Work Van Carrying Capacity
A woodworker who's considering a van purchase wonders how to manage 16-foot lengths of finished moulding. April 20, 2008
I am still undecided about which vehicle to get - van or truck - and one big question comes to mind with a van. Can you easily transport 16' lengths of molding in a van? In my little truck, I can open my sliding window, set the moldings on the dash, and let them hang out the rear of the truck. Are the long body vans long enough to carry the moldings inside? I know that a rack can be put on top for lumber, but is there a way to put the moldings inside, maybe leave a back door open if necessary? This is an issue that could determine which direction I take, as I very often carry long lengths of molding to job sites or back to my shop for spraying.
(Business and Management Forum)
From contributor R:
So, with a van, put them on the dash, let them hang out the back, wrap a packing blanket around them where the doors will contact, bungee the doors shut and drive off.
From contributor D:
Why not put the molding on the "lumber rack" on top? Why do you want it inside with you so much?
From contributor P:
Take a couple of large pieces of PVC pipe, screw caps on each end, and fasten the things to the top of the van. Weatherproof way to transport all sorts of stuff.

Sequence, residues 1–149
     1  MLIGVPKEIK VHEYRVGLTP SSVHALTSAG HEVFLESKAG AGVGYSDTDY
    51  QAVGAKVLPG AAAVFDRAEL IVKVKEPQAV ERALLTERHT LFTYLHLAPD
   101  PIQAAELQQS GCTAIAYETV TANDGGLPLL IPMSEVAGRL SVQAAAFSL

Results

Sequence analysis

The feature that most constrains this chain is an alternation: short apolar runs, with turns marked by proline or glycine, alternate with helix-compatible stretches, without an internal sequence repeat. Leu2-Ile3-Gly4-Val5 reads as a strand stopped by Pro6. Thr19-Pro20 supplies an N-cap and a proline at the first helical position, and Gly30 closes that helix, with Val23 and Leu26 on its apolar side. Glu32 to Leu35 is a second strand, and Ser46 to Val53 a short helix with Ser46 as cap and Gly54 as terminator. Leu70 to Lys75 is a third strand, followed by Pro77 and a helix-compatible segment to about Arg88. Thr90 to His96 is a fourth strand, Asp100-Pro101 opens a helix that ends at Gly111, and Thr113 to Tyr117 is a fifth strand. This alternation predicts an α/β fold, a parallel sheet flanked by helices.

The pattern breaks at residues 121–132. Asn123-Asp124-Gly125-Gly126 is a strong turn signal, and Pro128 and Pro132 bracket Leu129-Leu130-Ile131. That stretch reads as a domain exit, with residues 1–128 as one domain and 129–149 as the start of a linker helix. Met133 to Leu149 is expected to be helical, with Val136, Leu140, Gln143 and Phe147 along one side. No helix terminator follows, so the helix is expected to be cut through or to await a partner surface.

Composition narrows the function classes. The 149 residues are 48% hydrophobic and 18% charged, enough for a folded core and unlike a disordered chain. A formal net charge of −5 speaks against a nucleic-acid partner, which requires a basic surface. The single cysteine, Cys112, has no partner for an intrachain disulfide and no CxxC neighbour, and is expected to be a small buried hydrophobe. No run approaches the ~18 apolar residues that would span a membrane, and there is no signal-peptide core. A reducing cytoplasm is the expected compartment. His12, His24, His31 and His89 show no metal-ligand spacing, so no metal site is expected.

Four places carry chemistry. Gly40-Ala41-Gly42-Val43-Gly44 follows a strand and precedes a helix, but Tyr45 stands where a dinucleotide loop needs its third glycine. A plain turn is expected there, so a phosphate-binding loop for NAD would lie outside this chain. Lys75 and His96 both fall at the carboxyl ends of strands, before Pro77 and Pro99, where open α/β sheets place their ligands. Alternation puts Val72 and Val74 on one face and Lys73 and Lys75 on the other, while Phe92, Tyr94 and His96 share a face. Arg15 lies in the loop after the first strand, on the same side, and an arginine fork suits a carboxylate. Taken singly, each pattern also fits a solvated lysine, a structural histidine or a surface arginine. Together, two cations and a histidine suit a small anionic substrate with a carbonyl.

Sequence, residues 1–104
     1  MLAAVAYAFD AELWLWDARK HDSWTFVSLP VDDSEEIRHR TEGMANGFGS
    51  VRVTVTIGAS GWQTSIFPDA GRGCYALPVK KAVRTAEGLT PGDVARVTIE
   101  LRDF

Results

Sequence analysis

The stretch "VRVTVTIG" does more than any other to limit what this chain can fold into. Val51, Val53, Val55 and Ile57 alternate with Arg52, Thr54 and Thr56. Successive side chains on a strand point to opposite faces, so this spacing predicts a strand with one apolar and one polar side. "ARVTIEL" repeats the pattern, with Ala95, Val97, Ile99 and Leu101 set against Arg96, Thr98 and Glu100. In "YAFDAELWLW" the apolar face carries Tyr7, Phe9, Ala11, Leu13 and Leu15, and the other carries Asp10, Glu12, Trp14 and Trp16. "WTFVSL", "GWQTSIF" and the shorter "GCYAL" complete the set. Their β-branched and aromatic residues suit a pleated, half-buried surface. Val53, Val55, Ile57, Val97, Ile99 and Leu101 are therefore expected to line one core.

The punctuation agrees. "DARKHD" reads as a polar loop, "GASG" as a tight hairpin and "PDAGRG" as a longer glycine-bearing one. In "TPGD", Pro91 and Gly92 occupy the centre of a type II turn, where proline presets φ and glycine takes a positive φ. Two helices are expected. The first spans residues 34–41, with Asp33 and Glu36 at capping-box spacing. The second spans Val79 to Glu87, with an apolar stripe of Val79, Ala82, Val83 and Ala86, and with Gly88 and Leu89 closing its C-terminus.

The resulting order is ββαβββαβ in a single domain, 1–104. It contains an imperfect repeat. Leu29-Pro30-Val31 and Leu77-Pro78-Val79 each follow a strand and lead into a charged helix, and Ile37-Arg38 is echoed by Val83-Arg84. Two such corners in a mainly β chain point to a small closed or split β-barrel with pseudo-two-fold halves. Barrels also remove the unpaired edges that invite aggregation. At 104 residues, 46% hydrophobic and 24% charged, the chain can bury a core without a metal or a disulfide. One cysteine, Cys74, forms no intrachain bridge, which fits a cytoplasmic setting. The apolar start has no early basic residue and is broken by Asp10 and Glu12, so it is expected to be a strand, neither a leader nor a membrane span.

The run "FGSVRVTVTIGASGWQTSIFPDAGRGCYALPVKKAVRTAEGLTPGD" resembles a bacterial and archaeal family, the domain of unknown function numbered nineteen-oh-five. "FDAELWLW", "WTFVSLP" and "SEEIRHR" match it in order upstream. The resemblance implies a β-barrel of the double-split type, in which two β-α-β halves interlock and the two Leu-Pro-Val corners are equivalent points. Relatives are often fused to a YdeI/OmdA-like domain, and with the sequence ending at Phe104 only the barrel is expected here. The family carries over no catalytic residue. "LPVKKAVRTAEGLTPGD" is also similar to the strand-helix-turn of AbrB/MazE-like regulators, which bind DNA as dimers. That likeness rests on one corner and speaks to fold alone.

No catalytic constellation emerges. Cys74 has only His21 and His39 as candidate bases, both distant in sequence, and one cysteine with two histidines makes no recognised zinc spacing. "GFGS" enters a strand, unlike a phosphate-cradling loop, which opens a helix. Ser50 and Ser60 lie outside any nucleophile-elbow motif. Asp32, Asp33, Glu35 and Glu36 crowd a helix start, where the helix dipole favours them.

From the original questioner:
I want to keep it inside because the roof rack is up high, sort of a hassle to reach up and strap on. Also, there are times that I spray a finish on the moldings, and transport them finished, so I like to keep them out of the elements in that situation.
From contributor S:
One of the reasons we went with an aluminum body step van. 14' truck has 16' to the motor housing and 18' to the windshield. You can pick up used ones for very little money. Plus it makes for a big billboard.
From contributor L:
I've had pickups, and I've had vans. For me, the van wins, hands down. I have a Ford E-250 van. 8' sheet goods fit easily, standing vertical (which I prefer), or horizontally. A 16' piece of molding will just fit inside if you can bend it a little and don't have a lot else filling the cargo area. But, if you have a lot of pieces, or 16' 2x8's (for example), they will not fit inside with the doors closed. I have a weather guard lumber/ladder rack on top, and anything too long goes up there. Interestingly, I can put a 24' extension ladder inside. If I push the passenger seats back down and rest one end of the ladder on the dash, it barely fits. I also have a large knaack box in the van, and everything stays out of the weather and my tools stay out of sight. Sure, there are times when what you need to haul won't fit inside, but the same is true at times for any vehicle, even if you have a 40' trailer. My van came stock length, but they make extended body vans, which might do what you need.
From contributor N:
I do what PK said and keep large PVC secured to the racks. When you need to load or unload, just unscrew the caps and you don't need to mess with bungees.